News 09th Dec 2021

IACD 2021: Now is not the time for complacency in the fight against corruption

Daniel Bruce

Chief Executive

Daniel Bruce is Chief Executive of Transparency International UK. He leads the overall strategy of Transparency International UK across all programme and policy areas. He heads up the leadership team and serves as the organisation’s senior-most representative to governments, the private sector and in the media.

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“We are a model of integrity compared to most other countries” – that’s a common response when I talk about corruption in the UK.

No question, there are many countries around the world where corruption is so deeply embedded it has to be factored into even the most routine activities, from a visit to the doctor to sending your child to school.

Nations blighted with conflict or less free electoral systems habitually fare the worst according to Transparency International’s Corruption Perceptions Index (CPI) which measures country by country the perception of public sector corruption. Liberal, progressive democracies such as the UK, on the other hand, tend to perform much better.

But that does not mean the UK has a completely clean slate. In the last 12 months alone we’ve seen revelations in the Pandora Papers that once again exposed Britain’s role as a global hub for suspect wealth, lobbying and political integrity scandals that dominated the headlines in recent weeks, and major question marks over how - and to whom – billions of pounds worth of COVID-response contracts were awarded, (our research found 73 that raised red flags).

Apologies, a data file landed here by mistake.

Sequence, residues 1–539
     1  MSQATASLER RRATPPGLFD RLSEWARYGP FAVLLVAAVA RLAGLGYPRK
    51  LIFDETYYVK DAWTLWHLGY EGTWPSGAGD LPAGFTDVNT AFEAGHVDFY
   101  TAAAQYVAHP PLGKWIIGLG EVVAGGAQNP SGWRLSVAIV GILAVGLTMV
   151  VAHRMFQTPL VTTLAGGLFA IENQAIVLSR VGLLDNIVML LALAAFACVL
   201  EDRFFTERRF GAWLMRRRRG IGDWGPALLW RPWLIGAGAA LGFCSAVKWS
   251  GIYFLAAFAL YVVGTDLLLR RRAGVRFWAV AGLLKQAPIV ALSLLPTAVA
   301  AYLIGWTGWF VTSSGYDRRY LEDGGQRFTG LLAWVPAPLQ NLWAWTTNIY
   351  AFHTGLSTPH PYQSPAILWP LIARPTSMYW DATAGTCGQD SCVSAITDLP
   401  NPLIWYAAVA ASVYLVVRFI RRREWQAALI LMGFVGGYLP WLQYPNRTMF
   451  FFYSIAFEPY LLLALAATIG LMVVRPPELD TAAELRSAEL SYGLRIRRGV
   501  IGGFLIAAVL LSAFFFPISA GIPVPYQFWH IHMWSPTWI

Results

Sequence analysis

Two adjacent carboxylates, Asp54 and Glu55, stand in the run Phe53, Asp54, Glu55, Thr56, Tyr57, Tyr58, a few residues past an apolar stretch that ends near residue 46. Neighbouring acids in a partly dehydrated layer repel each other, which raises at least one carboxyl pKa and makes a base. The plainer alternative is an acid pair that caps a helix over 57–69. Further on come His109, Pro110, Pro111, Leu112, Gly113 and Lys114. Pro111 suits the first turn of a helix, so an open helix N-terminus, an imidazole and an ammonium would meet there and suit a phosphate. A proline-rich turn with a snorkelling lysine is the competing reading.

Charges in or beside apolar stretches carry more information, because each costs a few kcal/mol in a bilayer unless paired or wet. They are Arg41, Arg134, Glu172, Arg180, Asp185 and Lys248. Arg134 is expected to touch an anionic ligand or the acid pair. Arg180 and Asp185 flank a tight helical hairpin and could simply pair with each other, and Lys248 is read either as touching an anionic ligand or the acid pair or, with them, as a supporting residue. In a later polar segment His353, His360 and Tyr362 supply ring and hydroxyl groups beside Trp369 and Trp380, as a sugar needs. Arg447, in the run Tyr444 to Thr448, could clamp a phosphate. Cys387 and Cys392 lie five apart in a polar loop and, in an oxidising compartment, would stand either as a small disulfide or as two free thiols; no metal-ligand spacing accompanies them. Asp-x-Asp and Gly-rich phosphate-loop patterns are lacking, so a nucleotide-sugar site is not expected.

The UK has positioned itself as a leader in the fight against global corruption. Yet its credibility risks being undermined without tougher action at home.

But let’s not be too downhearted.  The Committee for Standards in Public Life’s latest report, Standards Matter 2 came at a critical time during a so-called autumn of “sleaze”. It provides a blueprint for reform upon which the British government must act to restore public confidence that our politicians will act ethically and in the public interest. It includes recommendations on transparency around lobbying of ministers, the revolving door between public office and the private sector and measures that would strengthen powers of the Independent Adviser on Ministerial Interests.

Also encouraging, though long overdue, were recommendations from the House of Commons Standards Committee calling for a ban on MPs holding second jobs as political strategists and for making members’ financial interests more transparent by publishing them as machine-readable data.

These recommendations must be implemented urgently. They should not be kicked into the long grass as seems to have happened with transformative property ownership transparency legislation that has been waiting in the wings for nearly three years.

That legislation currently gathering dust would mark out the UK as a leading player in the fight against global corruption. Initially published in 2018 and mentioned alongside the Queen’s Speech the following year, it would reveal the true owners of offshore companies that hold UK property. All too often these are kleptocrats and criminals who currently exploit this loophole to hide their assets.